There is a clear icon, for the user to clear the input.

ImageView

TtRoundedImageCardView

The TtRoundedImageCardView class is designed for displaying rounded images with a small text overlay.

This control consists of layered elements, from top to bottom:

  • a text label;
  • a foreground image;
  • a source image;
  • a background image.

The source image can be retrieved from a given URI, optionally showing a placeholder image until the source image has been downloaded.

List

TtListLinearLayout

The TtListLinearLayout class presents views as a list.

The TtListLinearLayout adds to the Android class LinearLayout the following features:

  • You can provide your own ViewModels and item layout to populate view items in this list.
  • You can specify the maximum number of items to be displayed in the view.

TtListTableLayout

The TtListTableLayout class presents views as a table, with multiple rows and columns.

The TtListTableLayout adds to the Android class TableLayout the following features:

  • You can provide your own ViewModels and item layout to populate view items in this list.
  • You can specify the maximum number of items to be displayed in the view.

TtListRecyclerView

The TtListRecyclerView class makes it easy to efficiently display large sets of data.

The TtListRecyclerView adds to the Android class RecyclerView the following features:

  • You can provide your own ViewModels and the layout to define how each item looks. The ViewModel can be:
    • A header ViewModel containing an image and a text.
    • A content ViewModel is used to populate a TtInformationControl.
  • You can provide a sticky header. This is a header view that is always shown at the top of the TtListRecyclerView and does not disappear while scrolling.

ScrollBar

The TtScrollBar class is used to control the attached view and to visualize the scrolling status. Apart from the basic scroll bar functionalities, this control also provides some dditional features:

  • A scroll bar indicator. The indicator is an extra view, shown next to the scroll bar handle and attached to the scroll bar's parent view. It presents some extra information like a text or a drawable, based on the current scrolling position.
  • An up button at the top of the bar, and a down button at the bottom of the bar.
  • Scroll by page. A tap-and-hold of the up or down button scrolls the target view page by page.
  • Scroll to top. A tap-and-hold of the up button scrolls the target view to the top page.

You can configure the TtScrollBar for either scroll-by-page or scroll-to-top, but not both.

Here is an example demonstrating a combined usage of TtScrollBar and TtListRecyclerView. From the image, you can see the star icon as the up button on the top of the bar. Also, the scroll bar indicator shows D for the current scroll position.

ScrollView

The TtScrollView class provides the Android ScrollView functionalities, but can only scroll vertically. You can specify the position of a fading effect as one of the following:

  • Top edge only.
  • Bottom edge only.
  • Top and bottom edges.

Other controls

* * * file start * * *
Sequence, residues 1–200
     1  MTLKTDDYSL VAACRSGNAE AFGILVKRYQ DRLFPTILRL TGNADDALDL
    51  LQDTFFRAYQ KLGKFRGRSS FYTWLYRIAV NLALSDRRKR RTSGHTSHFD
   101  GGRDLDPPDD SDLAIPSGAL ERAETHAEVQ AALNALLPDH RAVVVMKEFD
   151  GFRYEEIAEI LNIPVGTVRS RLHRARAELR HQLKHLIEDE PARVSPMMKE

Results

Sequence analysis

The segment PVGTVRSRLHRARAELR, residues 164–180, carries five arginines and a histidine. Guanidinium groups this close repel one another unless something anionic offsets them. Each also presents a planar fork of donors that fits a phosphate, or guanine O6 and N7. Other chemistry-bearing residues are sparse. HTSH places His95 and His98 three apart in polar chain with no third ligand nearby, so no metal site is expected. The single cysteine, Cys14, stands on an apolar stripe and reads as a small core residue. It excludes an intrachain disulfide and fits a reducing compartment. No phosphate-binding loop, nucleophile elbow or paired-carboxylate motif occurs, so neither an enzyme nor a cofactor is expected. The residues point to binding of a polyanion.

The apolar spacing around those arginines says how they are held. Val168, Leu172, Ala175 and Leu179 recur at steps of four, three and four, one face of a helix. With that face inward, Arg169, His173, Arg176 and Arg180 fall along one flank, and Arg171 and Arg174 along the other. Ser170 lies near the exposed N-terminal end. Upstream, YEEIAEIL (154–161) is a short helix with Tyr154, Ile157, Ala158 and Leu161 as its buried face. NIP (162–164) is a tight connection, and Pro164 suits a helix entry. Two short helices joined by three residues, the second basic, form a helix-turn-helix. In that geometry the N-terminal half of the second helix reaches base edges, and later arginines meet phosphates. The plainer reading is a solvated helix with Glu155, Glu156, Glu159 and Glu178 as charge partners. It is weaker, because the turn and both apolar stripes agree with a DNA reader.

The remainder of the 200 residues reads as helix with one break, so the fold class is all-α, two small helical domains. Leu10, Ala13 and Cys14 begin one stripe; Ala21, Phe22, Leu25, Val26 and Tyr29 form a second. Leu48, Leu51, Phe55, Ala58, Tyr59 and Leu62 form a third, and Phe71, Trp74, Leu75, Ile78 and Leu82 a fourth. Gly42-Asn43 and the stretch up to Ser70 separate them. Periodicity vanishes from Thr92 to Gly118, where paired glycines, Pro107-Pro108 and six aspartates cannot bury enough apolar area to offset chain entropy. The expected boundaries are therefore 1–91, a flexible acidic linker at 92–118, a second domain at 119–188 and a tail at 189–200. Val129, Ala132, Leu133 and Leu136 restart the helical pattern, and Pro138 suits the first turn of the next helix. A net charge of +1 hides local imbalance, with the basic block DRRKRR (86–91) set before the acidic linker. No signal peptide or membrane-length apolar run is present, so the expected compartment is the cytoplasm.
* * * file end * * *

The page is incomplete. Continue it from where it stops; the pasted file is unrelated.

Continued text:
ProgressBar

The TtSmoothProgressBar class is used to indicate the progress of an operation.

The TtSmoothProgressBar adds to the Android class ProgressBar the following features:

  • The progress is updated smoothly by an Animator.

InformationControl

The TtInformationControl class is designed to present various types of information in a view. It can be used in different places across the system, like lists, notifications, process panels, etc.

The content within this control consists of three sections that can be configured individually:

  • The optional head section is positioned on the left and holds an image.
  • The main section is positioned in the center. It starts with three vertically aligned text areas, with an optional icon: primary, secondary and tertiary. At the bottom it shows a rating bar with a dedicated text label.
  • The optional tail section is positioned on the right and holds a text and an image. The user can choose whether to show either the text or the icon, or both.

An action can be triggered when the user taps the head section or the main section. A separate action can be triggered when the user taps the tail section.

The TtNavigationBar class is mainly used to navigate between different screens within a domain or a panel.

It optionally shows a back button. Next to the back button is either a title or a number of breadcrumb items. The breadcrumbs reflect the current back stack and allow clicking on the items in order to navigate backwards through the stack.

The navigation bar can be configured to look as:

SearchView

The TtSearchView class consists of an icon on the left, an input field in the middle, a clear icon, and a searching indicator on the right.

The TtSearchView adds to the Android class SearchView the following features:

  • The searching indicator.
  • The appearance, like visibility of the searching indicator, is affected by the search status: focused, searching, etc.

This is how the control looks while a search is in progress, with the clear icon visible and the searching indicator animating:

SeekBar

The TtSmoothSeekBar class is used to indicate the progress of an operation with a draggable thumb. The user can touch the thumb and drag left or right to set the current progress.

The TtSmoothSeekBar adds to the Android class AppCompatSeekBar the following features:

  • The progress is updated smoothly by an Animator.

TabBar

The TtTabBar class contains tab components and a tab indicator. A tab usually represents a group of content and the tab bar is used to organize and navigate between these groups. The tabs within the tab bar can be visually represented by an icon, a text or both. The tabs can have a fixed or a flexible width, depending on the configuration. When a tab is selected, it will be highlighted and the tab indicator moves under the selected tab.